It's small wonder that when these fantastic sales professionals leave their companies, their customers follow them wherever they go. That is not because they went to a competing company and start offering lower prices to these customers. No, customers these days are smart enough to know what is more valuable. These customers WANT to be served by sales professionals who took good care of them
Creating a Professional Sales Culture
Since being a professional in selling is 180 degrees away from being a peddler, business leaders and managers would have to rethink how they appraise sales people's performances, if they are interested in sustainable long-term growth.
Areas to rethink include:
Are sales figures the ONLY measurement to gauge the effectiveness of a sales person?
Do the sales people's responsibilities end with making the sale and collecting the cheque, or do they extend further?
Do you measure the key accounts' ability to succeed with your solution, rather than just the sizes of their cheques for you?
And the list goes on.
Without a doubt, most managers would argue that a sales person's measurement of success will definitely be the amount of sales generated, and hen be compensated as such. However, companies that are built to last are always looking at sustainable streams of revenue per customer. And the only way to do that is to make sure customers can succeed with your solutions. Otherwise, the company will simply go into endless vicious cycles of hunting new customers and losing existing ones.
Being Professional Benefits Short Term Revenues as Well
In an increasingly competitive world, customers constantly are bugged by sales peddlers who are interested in only getting a buck out of their customers' pockets and not on how customers can benefit and succeed with them. Hence, the biggest challenge for most sales people these days will be on how they can first get a foot into the customers' door.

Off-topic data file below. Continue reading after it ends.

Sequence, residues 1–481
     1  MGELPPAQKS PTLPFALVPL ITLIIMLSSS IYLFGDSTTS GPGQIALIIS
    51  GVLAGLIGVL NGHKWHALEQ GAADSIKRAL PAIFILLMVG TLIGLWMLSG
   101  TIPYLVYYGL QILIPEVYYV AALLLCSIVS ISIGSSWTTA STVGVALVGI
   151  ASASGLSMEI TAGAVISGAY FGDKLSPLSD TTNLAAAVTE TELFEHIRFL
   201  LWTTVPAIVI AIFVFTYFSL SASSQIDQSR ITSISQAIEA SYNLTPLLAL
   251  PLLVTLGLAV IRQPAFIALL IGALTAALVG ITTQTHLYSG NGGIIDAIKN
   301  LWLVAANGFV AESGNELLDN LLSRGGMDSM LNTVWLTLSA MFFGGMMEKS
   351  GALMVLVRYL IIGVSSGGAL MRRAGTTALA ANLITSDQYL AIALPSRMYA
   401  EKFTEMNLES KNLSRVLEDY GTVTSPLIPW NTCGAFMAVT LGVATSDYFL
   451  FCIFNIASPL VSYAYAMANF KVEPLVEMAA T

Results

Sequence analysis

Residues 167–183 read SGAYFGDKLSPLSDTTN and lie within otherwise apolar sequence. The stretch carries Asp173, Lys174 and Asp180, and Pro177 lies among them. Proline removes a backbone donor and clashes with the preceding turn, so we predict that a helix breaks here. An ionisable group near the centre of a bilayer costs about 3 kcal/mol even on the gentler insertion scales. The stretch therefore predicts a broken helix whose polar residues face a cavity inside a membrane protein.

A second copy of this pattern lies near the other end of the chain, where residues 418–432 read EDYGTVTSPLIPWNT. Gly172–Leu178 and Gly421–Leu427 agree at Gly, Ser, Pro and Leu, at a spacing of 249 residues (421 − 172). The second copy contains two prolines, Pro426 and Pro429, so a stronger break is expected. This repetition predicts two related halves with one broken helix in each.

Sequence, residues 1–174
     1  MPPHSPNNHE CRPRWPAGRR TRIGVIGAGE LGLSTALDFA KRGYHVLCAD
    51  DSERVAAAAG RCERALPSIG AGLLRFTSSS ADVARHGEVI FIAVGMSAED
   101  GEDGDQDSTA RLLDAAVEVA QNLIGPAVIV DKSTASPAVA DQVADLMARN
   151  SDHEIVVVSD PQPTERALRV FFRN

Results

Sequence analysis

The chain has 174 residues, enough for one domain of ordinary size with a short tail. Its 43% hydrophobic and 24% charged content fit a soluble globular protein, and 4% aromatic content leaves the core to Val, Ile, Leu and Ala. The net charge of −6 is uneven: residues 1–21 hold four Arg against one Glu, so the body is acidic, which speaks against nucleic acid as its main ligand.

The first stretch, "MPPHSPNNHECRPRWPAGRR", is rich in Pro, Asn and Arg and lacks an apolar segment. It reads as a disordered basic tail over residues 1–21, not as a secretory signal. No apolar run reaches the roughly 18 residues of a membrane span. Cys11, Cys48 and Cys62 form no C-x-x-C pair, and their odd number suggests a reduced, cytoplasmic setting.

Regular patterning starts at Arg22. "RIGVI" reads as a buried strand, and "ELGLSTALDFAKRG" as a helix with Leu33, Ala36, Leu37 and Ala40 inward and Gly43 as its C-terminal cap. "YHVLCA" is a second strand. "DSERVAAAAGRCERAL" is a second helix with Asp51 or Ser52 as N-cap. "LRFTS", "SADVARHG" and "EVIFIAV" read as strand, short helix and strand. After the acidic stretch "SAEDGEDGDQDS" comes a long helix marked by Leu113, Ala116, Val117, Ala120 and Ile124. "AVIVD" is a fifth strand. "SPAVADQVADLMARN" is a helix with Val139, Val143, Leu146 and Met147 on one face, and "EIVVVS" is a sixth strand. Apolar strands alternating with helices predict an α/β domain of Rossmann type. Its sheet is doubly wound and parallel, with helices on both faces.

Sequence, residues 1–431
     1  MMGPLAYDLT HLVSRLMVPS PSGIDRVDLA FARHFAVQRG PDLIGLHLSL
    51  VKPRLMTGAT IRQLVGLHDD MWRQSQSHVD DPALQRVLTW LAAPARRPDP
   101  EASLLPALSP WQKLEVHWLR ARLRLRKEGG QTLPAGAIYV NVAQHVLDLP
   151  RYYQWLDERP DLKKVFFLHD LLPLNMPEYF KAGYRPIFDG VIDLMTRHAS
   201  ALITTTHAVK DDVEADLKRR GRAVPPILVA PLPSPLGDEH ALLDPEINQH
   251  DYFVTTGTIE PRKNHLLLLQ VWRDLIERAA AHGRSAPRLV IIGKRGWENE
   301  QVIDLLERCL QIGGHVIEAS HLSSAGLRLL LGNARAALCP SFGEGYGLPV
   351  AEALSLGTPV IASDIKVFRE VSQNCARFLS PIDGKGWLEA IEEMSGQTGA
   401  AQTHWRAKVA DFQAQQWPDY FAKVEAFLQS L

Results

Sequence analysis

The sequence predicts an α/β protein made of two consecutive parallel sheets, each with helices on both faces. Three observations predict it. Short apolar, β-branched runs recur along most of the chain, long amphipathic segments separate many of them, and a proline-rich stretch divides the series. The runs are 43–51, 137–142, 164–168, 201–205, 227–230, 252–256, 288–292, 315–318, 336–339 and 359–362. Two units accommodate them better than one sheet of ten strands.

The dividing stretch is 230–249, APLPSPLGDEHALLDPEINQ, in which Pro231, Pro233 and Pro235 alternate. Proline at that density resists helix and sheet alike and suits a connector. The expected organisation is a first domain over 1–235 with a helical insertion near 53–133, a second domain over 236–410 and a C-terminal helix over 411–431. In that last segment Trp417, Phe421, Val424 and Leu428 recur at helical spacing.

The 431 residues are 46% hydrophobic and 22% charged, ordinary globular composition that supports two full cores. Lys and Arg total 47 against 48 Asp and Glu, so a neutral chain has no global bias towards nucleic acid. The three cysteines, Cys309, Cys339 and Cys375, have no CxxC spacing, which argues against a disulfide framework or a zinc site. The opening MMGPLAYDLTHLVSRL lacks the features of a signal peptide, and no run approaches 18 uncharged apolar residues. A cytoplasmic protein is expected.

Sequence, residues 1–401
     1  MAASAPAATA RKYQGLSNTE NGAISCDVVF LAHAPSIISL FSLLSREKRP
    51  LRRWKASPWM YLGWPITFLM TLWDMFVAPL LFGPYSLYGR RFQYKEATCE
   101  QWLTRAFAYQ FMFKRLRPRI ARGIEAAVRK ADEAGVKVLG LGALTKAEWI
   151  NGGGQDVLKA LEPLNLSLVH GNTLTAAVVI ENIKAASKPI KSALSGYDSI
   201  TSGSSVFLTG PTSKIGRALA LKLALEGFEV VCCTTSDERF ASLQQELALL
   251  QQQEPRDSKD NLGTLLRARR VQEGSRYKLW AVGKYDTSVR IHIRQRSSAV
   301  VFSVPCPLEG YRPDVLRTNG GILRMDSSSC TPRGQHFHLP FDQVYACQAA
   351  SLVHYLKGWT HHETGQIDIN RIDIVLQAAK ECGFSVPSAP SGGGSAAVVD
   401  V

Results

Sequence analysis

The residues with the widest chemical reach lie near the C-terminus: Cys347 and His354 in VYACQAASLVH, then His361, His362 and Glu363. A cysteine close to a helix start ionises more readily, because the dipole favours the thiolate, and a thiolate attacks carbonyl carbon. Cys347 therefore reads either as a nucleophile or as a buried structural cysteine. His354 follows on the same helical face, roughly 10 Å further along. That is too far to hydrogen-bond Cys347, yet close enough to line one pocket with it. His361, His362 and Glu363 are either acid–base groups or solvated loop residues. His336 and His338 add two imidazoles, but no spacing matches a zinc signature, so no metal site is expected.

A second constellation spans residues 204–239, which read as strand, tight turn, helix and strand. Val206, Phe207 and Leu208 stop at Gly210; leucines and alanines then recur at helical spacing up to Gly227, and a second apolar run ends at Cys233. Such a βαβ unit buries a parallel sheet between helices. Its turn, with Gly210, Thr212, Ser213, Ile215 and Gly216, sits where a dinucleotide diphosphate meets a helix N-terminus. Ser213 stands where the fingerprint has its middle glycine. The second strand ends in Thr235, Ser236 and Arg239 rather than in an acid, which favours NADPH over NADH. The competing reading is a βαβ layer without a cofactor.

The bad news is that customers these days are smart enough to block all kinds of hard-sell, strong-arm tactics used by sales peddlers. The good news is that if you are a sales professional, you will have a much better chance of getting your foot through customers' doors faster than peddlers. That means you win, short-term AND long-term.
The question is, are you and your company prepared to be professionals in selling yet?
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How to Handle Premature Price Quotations
by Bill Brooks (www.thebrooksgroup.com)
"Let’s cut to the chase…how much is it?”
- Every Prospect
No issue nags salespeople more than this one: Exactly when and how to present price. There’s a fine balance between taking enough time to build value and completely frustrating or alienating your prospect by refusing to quote price. Your job as a sales manager is to help your sales team master the art of maintaining that balance.